Not all evictions are legal. All evictions must follow North Carolina landlord-tenant law. Landlords do not have to provide a set amount of time for eviction for non-compliance (outside of non-payment of rent or serious matters that we previously mentioned). Eviction notices must be legally served as well. Eviction notices must be served or the landlord may not file a lawsuit against the tenant.
Unless the landlord gets a court order from the judge, they may not remove the belongings of the tenant, change out the locks, or shut off the utilities to the rental property to essentially force the tenant from the property. These methods are known as self-help evictions. Using any of those methods without the permission of the court can give the tenant a legal claim against the landlord. The tenant may be entitled to financial compensation and to retain possession of the property.
Landlords may not evict someone for factors that are considered discriminatory or retaliatory in nature. Under federal law, discriminatory factors include someone’s actual or perceived skin color, race, religious beliefs, national origin, gender, disability, or family status (including pregnancy, birth, or adoption of a minor). Retaliatory eviction means that the landlord is trying to evict the tenant because the tenant reported the property or the landlord for unsafe conditions, uninhabitable conditions, or code violations. Illegal evictions may provide the tenant with the legal right to sue the landlord.
As a tenant, you have legal rights even during the eviction process. Depending on why you’re being evicted, you may have several defenses you can assert. The landlord is not required by law to give a certain amount of time if you’ve violated the lease in some way outside of late rent or serious violations (such as manufacturing drugs on the property or damaging the property). If you’re served with an eviction notice, read it carefully so that you understand what’s happening, what you need to do, and the deadline by which you should do whatever it is that you need to do.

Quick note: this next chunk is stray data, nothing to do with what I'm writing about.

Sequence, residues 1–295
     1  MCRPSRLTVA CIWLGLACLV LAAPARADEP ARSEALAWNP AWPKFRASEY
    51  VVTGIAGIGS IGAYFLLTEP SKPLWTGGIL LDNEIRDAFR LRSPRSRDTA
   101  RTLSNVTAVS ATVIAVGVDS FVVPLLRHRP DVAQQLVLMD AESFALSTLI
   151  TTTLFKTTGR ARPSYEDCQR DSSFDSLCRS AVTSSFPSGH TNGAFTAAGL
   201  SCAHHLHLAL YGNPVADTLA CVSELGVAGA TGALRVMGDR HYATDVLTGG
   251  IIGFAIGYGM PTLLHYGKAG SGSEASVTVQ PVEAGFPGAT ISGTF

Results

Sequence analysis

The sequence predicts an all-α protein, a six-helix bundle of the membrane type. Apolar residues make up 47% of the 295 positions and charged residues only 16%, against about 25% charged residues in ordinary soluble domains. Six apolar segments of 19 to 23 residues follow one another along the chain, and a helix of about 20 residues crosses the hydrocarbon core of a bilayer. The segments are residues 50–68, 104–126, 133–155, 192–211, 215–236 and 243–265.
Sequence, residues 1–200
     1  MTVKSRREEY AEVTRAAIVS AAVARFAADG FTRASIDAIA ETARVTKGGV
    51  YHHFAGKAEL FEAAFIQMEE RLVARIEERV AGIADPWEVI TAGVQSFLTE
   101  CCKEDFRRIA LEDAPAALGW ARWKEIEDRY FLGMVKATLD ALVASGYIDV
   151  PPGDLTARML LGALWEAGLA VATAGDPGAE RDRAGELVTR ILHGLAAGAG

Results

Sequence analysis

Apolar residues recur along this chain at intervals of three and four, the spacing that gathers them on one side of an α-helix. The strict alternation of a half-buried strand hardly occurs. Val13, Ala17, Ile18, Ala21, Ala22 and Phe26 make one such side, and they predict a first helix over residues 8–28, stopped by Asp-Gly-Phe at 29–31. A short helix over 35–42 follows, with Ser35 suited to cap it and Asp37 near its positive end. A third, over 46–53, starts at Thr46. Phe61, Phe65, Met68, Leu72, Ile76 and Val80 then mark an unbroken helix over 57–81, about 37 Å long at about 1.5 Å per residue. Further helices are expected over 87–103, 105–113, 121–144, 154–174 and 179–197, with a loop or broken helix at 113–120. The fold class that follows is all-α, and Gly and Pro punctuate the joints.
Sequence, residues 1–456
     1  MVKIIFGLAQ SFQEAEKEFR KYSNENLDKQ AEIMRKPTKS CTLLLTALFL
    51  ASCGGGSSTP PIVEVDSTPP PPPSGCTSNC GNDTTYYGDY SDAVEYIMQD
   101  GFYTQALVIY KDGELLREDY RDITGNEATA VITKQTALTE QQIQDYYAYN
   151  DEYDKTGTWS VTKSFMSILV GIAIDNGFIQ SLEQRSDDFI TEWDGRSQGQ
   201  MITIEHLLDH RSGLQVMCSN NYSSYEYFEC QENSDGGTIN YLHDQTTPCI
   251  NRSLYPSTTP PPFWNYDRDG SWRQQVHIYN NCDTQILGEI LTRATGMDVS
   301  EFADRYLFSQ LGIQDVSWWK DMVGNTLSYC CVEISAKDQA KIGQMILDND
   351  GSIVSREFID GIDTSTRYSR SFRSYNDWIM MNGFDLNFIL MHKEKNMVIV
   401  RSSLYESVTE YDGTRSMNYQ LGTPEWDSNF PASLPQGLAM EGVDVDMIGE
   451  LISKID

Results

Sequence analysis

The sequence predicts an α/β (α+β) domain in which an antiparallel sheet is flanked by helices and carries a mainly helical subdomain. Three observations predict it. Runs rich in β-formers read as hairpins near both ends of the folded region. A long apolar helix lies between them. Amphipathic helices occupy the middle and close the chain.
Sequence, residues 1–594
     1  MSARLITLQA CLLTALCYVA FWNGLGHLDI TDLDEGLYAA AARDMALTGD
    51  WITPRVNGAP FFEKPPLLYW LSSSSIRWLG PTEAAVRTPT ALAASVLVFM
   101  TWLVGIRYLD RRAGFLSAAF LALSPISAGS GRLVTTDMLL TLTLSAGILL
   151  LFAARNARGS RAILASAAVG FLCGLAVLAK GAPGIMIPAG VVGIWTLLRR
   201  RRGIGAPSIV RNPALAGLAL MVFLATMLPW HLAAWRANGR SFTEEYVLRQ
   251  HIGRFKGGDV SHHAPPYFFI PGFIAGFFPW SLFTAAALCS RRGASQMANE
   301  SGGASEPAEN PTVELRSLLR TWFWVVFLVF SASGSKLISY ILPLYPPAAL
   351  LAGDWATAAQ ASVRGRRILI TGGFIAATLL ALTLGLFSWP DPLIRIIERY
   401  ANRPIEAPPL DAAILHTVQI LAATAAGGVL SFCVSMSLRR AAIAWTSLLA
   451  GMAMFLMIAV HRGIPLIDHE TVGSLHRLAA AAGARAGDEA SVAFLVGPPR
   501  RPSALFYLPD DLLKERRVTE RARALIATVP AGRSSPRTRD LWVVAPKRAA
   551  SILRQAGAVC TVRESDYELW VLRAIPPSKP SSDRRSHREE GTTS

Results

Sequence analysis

We discussed illegal evictions in the section above. When the tenant is subjected to an illegal eviction, they may be entitled to sue the landlord. To know for sure whether you have a legal claim, you’ll have to take the time to talk with a landlord-tenant lawyer. They can evaluate your potential claim and let you know what options you have with regards to a potential lawsuit or the ongoing eviction. Sometimes, law schools have legal clinics that provide affordable or free help to the public. You can contact a law school in your general area and ask if they have an active clinic. You can also contact Legal Aid of North Carolina. In addition to perhaps qualifying for low-cost or free legal help, they provide several different resources that could be useful.
North Carolina landlords have rights and obligations under the law. Eviction notices must be legally served on the tenant. Without doing so, you cannot sue the tenant. For eviction notices for non-compliance to the lease (not involving late rent or serious violations such as property damage), there is no legally prescribed amount of time that a landlord must provide to the tenant in the notice. However, with non-payment of rent and serious non-compliance, landlords are obligated to follow the law.
Unless the landlord gets a court order, they may not lock out the tenant, remove their belongings from the property, or shut off the utilities. Self-help eviction is illegal. Landlords also may not engage in retaliatory eviction or evict a tenant because of discriminatory factors discussed under Legal Considerations. If a landlord engages in illegal conviction, they may be sued by the tenant for money.
To learn more about eviction notices, the eviction process, or your rights and obligations as a landlord, you should contact a landlord-tenant lawyer for an appointment.